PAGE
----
Crude Oil Falls in Wake of Low Demand … Temporarily
Why the Canadian Energy Industry is expected to be the lifeline for the recovery of the Canadian economy.
The coronavirus pandemic has hit the world economy harder than any event since World War 2, and it’s expected to have a lasting impact on energy demand. The enormity of the shock caused by the Covid-19 is prompting governments around the world to develop economic recovery plans that will shape infrastructure and industries for decades. There is a very strong case for the energy sector to play a crucial role in these plans.
As governments have shuttered businesses and restricted the freedom of movement for billions of people, consumption of oil, gas and power of course has fallen. The spread of Covid-19 has caused major disruptions in both the global financial and commodity markets, as well as the oil and gas industry in general.
Our Question is this? How will the Canadian energy industry emerge in the wake of the Covid-19 pandemic?
In order for markets to return to a pre-pandemic state, we know demand must recover. It’s widely believed that after the world starts to return to “normal”, people will want to rebuild their lives and resume lifestyle habits similar to those before the pandemic. They will want to go to work, see friends, family, and go on holidays. The powerful societal forces are expected to drive demand to pre-pandemic levels.
Low Prices Stimulate Growth
It is without a doubt the pandemic has created disruption in the global energy sector like no other, but low prices will ultimately stimulate demand growth as the economy begins to recover. With that, the energy industry is expected to maintain and create jobs, boost economic growth, and improve energy sustainability and resilience.
What Does that Mean for Canada?
The biggest concern for the Canadian Energy Industry is how long will this pandemic last and will investment return in a meaningful way. The industry is experiencing its third price collapse in twelve years. Covid-19 just amplified the challenges the Canadian industry was already experiencing – a scarcity of pipelines due to political and regulatory hurdles along with infrastructural bottlenecks, leaving producers without access to bigger markets. As was before the pandemic, Canadian energy companies’ only option is to sell their products at a discounted rate to their one and only customer – the U.S.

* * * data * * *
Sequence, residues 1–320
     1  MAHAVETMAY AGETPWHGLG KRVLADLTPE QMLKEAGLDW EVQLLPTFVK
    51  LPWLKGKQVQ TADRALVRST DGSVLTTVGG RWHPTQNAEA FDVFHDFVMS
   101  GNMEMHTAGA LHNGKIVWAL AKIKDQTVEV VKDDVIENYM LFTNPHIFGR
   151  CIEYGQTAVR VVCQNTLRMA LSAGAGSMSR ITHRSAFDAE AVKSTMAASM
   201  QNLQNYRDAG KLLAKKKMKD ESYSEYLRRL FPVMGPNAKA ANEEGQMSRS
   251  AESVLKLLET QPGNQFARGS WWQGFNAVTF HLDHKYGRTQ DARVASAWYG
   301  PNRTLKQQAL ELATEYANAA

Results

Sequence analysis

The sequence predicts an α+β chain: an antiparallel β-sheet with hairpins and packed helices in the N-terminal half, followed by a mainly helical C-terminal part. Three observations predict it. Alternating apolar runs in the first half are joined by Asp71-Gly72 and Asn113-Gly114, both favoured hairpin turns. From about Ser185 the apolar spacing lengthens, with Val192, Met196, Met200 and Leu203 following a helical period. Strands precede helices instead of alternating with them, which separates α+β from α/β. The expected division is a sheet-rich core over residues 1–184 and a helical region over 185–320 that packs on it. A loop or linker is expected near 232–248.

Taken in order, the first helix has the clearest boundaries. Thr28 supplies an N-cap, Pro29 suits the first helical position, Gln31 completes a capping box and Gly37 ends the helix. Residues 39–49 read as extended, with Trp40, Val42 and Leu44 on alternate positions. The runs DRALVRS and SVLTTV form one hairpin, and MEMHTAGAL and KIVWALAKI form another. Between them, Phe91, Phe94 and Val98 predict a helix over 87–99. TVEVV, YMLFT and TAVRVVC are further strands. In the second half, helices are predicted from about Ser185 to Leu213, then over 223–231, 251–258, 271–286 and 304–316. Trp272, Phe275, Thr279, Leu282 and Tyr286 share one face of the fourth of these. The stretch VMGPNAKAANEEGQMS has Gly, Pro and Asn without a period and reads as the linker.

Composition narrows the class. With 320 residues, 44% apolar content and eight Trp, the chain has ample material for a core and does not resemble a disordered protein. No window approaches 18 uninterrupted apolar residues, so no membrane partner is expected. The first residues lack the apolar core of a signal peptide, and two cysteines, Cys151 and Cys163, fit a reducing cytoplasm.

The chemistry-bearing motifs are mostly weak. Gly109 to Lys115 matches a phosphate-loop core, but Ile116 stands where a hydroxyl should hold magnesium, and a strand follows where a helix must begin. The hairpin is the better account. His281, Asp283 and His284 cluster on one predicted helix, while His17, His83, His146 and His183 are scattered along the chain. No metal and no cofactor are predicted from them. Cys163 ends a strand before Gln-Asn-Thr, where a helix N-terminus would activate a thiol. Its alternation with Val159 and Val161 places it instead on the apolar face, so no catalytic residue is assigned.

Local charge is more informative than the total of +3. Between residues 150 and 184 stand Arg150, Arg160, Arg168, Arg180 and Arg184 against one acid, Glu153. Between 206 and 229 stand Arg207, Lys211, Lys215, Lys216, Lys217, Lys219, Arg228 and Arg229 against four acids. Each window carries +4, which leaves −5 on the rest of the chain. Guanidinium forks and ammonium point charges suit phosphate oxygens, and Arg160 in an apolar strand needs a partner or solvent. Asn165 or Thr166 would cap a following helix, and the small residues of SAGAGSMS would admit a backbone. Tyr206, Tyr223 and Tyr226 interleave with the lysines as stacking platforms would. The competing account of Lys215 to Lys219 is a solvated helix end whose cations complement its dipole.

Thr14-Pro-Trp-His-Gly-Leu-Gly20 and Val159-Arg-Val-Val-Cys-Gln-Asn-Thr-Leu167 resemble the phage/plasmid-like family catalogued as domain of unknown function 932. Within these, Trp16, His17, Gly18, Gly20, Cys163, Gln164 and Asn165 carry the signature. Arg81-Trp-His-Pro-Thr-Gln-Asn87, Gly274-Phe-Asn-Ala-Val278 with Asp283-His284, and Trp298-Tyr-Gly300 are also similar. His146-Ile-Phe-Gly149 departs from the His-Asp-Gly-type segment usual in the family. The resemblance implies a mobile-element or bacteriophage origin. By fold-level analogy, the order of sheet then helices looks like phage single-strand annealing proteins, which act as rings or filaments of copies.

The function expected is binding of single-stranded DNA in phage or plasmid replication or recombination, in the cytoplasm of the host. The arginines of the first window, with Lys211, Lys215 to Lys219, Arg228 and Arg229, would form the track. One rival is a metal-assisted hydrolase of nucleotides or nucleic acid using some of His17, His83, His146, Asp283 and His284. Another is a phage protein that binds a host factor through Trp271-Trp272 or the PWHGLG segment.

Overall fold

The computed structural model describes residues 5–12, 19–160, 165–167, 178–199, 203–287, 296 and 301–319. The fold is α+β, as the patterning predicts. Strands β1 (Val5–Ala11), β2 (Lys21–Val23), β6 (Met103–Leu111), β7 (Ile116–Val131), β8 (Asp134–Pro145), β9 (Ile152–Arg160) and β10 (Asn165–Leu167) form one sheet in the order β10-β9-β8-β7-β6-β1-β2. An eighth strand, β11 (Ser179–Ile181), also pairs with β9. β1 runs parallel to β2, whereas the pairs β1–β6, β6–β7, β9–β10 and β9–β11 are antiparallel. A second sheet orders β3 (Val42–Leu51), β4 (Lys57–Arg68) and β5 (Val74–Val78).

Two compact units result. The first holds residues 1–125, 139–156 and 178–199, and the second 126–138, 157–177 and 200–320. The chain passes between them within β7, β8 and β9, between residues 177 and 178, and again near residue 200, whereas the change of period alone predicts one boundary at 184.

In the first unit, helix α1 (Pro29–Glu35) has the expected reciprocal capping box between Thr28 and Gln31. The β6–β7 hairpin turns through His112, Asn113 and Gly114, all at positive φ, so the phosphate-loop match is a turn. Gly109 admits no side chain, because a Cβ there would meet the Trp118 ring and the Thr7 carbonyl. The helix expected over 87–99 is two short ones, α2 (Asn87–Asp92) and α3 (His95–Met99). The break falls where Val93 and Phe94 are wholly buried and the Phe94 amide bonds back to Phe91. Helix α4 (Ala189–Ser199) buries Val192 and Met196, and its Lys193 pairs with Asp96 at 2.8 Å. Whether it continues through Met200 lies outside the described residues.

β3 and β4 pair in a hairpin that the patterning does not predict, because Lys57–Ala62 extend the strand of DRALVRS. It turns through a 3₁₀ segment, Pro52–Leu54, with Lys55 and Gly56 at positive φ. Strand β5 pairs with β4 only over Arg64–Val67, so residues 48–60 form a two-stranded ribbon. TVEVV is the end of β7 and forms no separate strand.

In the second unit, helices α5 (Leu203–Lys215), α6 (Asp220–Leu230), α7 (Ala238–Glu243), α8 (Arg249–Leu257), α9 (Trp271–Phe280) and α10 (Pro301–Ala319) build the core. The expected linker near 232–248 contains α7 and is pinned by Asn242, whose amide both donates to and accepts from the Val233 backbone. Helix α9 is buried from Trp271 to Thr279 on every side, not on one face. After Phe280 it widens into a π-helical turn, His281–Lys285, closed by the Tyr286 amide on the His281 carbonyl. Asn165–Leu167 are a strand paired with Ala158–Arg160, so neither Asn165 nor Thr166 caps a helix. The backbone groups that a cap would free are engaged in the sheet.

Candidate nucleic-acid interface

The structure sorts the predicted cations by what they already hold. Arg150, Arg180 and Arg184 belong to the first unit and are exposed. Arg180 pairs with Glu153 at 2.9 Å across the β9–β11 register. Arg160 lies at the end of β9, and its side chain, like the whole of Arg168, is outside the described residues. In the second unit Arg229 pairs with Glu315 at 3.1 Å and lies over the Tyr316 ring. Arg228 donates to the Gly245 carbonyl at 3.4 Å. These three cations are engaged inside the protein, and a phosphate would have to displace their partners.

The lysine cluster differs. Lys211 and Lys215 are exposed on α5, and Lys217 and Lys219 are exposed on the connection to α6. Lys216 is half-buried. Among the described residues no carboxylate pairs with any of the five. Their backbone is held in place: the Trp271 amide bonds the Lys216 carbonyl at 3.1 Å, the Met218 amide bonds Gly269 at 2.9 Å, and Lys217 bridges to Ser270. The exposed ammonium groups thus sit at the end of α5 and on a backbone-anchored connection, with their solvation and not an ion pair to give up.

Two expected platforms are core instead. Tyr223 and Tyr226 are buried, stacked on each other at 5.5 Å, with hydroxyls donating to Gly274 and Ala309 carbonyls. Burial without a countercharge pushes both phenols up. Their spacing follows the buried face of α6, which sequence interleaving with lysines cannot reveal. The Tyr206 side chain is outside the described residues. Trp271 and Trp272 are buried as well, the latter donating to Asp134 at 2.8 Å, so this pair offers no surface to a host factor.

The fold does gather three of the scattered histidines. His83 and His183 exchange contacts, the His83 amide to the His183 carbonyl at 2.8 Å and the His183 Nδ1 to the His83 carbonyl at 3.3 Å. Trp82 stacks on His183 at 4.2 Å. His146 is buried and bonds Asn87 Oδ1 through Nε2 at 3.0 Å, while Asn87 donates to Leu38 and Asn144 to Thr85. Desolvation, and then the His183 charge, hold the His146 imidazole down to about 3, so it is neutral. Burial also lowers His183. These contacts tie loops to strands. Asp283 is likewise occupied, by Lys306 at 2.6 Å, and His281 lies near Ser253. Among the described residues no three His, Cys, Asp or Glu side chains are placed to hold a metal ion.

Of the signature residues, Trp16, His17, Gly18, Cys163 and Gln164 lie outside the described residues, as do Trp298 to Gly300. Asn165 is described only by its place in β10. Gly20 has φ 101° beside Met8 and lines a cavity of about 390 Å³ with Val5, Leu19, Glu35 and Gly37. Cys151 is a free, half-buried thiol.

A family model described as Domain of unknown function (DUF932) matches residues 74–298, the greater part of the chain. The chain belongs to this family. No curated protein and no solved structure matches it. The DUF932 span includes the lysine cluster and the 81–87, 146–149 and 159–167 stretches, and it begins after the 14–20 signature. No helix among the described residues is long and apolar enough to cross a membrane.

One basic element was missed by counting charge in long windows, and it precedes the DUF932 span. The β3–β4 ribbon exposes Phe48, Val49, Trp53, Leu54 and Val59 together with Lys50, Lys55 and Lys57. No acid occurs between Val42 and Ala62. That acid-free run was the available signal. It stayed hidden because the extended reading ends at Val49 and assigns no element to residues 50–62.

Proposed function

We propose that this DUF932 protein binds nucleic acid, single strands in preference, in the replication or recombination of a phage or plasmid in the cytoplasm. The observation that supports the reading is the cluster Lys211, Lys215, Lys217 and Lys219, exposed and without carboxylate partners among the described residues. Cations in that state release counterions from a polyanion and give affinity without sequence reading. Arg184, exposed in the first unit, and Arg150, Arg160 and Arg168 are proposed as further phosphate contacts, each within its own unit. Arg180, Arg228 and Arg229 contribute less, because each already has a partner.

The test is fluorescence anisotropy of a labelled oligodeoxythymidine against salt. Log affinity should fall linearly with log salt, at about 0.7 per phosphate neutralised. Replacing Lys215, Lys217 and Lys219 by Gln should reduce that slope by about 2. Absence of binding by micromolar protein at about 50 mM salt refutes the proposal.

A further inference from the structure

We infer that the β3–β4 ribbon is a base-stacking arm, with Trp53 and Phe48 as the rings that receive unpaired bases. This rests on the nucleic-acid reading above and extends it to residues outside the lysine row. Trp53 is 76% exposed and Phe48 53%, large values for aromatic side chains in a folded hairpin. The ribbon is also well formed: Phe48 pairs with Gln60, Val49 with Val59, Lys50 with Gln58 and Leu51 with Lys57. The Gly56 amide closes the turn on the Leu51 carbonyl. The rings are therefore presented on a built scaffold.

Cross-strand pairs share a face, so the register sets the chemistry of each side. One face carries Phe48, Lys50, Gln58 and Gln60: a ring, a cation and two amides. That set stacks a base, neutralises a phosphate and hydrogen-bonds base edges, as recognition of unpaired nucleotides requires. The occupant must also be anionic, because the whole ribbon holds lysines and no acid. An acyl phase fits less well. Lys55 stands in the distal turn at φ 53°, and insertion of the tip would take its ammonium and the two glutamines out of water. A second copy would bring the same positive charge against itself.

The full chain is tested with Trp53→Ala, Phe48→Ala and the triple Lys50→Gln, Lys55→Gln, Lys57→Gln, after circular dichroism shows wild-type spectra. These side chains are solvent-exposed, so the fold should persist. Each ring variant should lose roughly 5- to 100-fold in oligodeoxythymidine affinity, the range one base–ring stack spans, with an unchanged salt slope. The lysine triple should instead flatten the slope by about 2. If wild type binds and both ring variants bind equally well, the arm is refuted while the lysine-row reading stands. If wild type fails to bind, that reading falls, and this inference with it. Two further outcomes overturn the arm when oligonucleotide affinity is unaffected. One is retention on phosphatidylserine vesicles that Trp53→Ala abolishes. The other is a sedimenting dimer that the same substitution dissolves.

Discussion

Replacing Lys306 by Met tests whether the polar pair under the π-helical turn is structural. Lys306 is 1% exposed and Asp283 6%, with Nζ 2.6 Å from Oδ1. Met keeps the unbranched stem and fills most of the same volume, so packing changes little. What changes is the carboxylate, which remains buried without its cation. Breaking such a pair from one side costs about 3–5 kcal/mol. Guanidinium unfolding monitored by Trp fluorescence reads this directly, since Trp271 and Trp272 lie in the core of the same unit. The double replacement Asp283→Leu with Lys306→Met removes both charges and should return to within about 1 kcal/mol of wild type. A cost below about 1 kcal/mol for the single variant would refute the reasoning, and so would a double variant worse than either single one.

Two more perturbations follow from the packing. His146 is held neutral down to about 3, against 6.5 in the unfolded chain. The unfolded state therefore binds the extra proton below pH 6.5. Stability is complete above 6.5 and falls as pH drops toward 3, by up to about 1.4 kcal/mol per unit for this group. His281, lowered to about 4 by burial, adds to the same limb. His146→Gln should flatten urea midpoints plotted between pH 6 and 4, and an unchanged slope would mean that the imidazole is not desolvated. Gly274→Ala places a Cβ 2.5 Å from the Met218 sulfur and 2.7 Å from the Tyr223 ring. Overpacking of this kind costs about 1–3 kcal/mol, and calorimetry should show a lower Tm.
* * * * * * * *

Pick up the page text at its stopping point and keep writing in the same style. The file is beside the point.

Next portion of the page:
That said, the impact of Covid-19 on Canadian energy businesses wasn’t as severe as in other parts of the world. Canadian companies were able to react very quickly, making capital cuts and paring back budgets. Sadly, after six years of stress in the industry most cost-cutting measures had already taken place – which included many rounds of layoffs. There wasn’t a lot of fat on the bone for more cuts. Most companies were already running lean.
When economic recovery kicks in, it is expected to be powered largely by natural gas and oil, which is great for countries like Canada, who are in a supply position. It is well known the world can’t avoid oil and gas. Without fossil fuel energy, global societies would literally be at a stand still, production of goods and services would be halted immediately, transportation would end, and our global supply chain would stop.
There are sceptics that say post Covid-19, demand for oil and gas will continue to decline due to the adoption of renewables and low-carbon energy. That is not a likely scenario before we’re out of recovery. Currently only 17% of global energy is supplied by renewables, leaving the remaining 83% to be supplied by oil and gas. And as long as global economies are in an economic recovery state, significant investments and policy actions into new energy and renewable energy will likely remain weak.
If there is a silver lining to come from the pandemic, a bridge may be forming between the Canadian energy industry and public opposition. Governments are aware that the economic restructuring needed to pay for the debt and deficits caused by this crisis will be supplied in large part by the Canadian energy industry. In fact, the Canadian energy industry is considered to be a very powerful force in getting people back to work and supporting the finances of the country as a whole.
People will want jobs, they’ll want to put food on the table and rebuild their lives. Knowing the Canadian energy industry supplies 10% of the overall Canadian GDP and supports 500,000 jobs directly and indirectly, governments are now looking towards a strong Canadian Energy industry as a lifeline to recovery.
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